The hedge funds that acquired control of Debenhams before its collapse last year have received more than two-thirds of the £300m recovered by the department store chain’s administrators, new documents show.
Among the lead creditors are hedge funds Silver Point Capital, Alcentra and GoldenTree, which rank above other creditors such as Debenhams’ two defined benefit pension funds.
Stephen Timms, chair of parliament’s Work and Pensions committee, said there would be “serious questions to answer about whether more could and should have been done to protect members” if the schemes ended up in the Pension Protection Fund.
Unsecured creditors such as landlords, local authorities and suppliers are unlikely to receive anything from Debenhams’ collapse, which resulted in the closure of more than 100 stores and the loss of about 12,000 jobs.
FRP Advisory was appointed administrator in April last year and the retailer was put into liquidation at the start of 2021. FRP’s latest report to Debenhams’ creditors said total distributions were £304m as of October 8.
“[The hedge funds] went into this in 2019 looking to make money out of it,” said one person with knowledge of the situation. “I very much doubt they have done that overall, but they have probably lost a lot less than they might have feared when the pandemic began.”
Silver Point and GoldenTree declined to comment.
The monies recouped from Debenhams’ failure include a net £142m from running down its inventories plus £55m paid by online fashion retailer Boohoo for the chain’s website and brands, and other asset sales.
By far the biggest of these was the £120m sale of Magasin du Nord, Debenhams’ upmarket Danish subsidiary, to privately owned German group Peek & Cloppenburg. The sum was more than initially expected.
Debenhams was carrying about £720m of debt when FRP was appointed, including a £200m facility provided by the hedge funds. That loan ranked above all the other secured debt and carried an interest rate of 12 per cent.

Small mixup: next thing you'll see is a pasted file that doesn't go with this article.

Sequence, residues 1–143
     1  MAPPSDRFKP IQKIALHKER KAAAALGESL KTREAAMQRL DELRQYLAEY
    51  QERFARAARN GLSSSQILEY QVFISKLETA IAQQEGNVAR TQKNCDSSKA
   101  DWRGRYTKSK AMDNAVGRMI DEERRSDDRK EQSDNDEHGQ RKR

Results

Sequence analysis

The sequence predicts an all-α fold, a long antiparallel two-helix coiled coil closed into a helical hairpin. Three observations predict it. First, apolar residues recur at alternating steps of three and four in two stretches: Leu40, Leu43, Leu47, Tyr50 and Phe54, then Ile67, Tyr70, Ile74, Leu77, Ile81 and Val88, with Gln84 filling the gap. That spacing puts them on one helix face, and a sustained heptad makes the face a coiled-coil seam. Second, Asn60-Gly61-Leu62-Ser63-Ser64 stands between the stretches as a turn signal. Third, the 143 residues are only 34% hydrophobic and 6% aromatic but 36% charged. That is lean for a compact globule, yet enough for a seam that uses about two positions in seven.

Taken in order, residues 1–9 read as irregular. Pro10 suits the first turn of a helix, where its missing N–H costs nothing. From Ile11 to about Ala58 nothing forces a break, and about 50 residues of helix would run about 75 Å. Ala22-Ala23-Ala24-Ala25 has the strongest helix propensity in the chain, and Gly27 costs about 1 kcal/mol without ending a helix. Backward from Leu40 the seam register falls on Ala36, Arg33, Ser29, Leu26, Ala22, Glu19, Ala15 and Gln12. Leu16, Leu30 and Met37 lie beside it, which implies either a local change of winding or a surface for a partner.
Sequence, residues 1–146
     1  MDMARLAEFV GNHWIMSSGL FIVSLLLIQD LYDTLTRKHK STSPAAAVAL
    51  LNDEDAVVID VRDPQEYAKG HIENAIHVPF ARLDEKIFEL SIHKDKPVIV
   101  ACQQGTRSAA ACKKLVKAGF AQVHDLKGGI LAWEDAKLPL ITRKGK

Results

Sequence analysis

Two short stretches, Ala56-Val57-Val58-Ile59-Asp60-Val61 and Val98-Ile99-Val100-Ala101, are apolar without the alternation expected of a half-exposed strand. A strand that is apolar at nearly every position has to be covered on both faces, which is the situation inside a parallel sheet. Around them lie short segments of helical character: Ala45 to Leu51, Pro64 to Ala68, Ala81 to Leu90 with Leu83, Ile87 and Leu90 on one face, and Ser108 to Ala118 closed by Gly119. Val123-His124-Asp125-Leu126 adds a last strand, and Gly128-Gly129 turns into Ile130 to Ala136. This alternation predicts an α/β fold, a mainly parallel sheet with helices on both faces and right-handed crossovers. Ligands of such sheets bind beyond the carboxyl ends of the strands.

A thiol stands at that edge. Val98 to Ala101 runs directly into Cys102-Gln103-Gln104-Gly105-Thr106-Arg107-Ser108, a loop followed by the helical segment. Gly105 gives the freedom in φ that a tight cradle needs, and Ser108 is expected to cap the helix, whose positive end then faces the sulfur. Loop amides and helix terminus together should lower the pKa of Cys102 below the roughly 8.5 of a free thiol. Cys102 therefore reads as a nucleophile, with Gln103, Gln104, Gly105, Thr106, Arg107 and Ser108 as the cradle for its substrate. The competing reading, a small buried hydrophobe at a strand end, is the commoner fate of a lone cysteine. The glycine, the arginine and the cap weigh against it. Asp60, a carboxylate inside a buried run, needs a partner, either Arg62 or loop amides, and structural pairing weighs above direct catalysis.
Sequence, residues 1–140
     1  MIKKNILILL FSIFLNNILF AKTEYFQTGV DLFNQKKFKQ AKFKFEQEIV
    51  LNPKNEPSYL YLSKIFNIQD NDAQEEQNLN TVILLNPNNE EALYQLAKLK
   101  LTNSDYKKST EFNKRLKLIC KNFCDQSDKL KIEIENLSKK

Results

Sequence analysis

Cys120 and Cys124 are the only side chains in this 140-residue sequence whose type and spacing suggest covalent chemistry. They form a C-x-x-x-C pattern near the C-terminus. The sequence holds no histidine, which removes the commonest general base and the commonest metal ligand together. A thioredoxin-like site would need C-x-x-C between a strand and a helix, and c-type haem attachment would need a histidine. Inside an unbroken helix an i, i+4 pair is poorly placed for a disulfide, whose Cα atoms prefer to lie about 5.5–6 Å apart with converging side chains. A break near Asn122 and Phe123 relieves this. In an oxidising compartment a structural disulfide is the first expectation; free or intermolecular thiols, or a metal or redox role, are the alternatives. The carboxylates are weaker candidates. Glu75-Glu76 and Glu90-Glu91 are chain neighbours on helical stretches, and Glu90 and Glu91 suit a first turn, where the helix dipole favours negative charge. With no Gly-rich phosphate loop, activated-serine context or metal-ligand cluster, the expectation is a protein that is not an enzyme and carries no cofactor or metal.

Although other secured creditors approved this, it meant they could not receive any dividend from the administration until the principal plus accrued interest on the facility — a total of £242m — was repaid in full.
Another person with knowledge of Debenhams’ difficulties said Barclays, a longstanding lender to the retailer, had long ago written off its exposure to the company. Barclays declined to comment.
The hedge funds’ interest in the company began in 2018, when it was still listed. They acquired chunks of its revolving credit facility and bonds at a discount from banks and other investors as its financial condition deteriorated.
That allowed them to appoint administrators and in 2019 agree a prepack sale of the company to themselves with a view to closing unprofitable stores and selling more online.
The deal wiped out the equity stake built up by Sports Direct and prompted a furious response from its chief executive Mike Ashley.
Since the Covid pandemic pushed Debenhams into administration for a second time, FRP has accrued more than £5m in fees and disbursements and the eventual total is likely to be higher still. The company did not respond to a request for comment.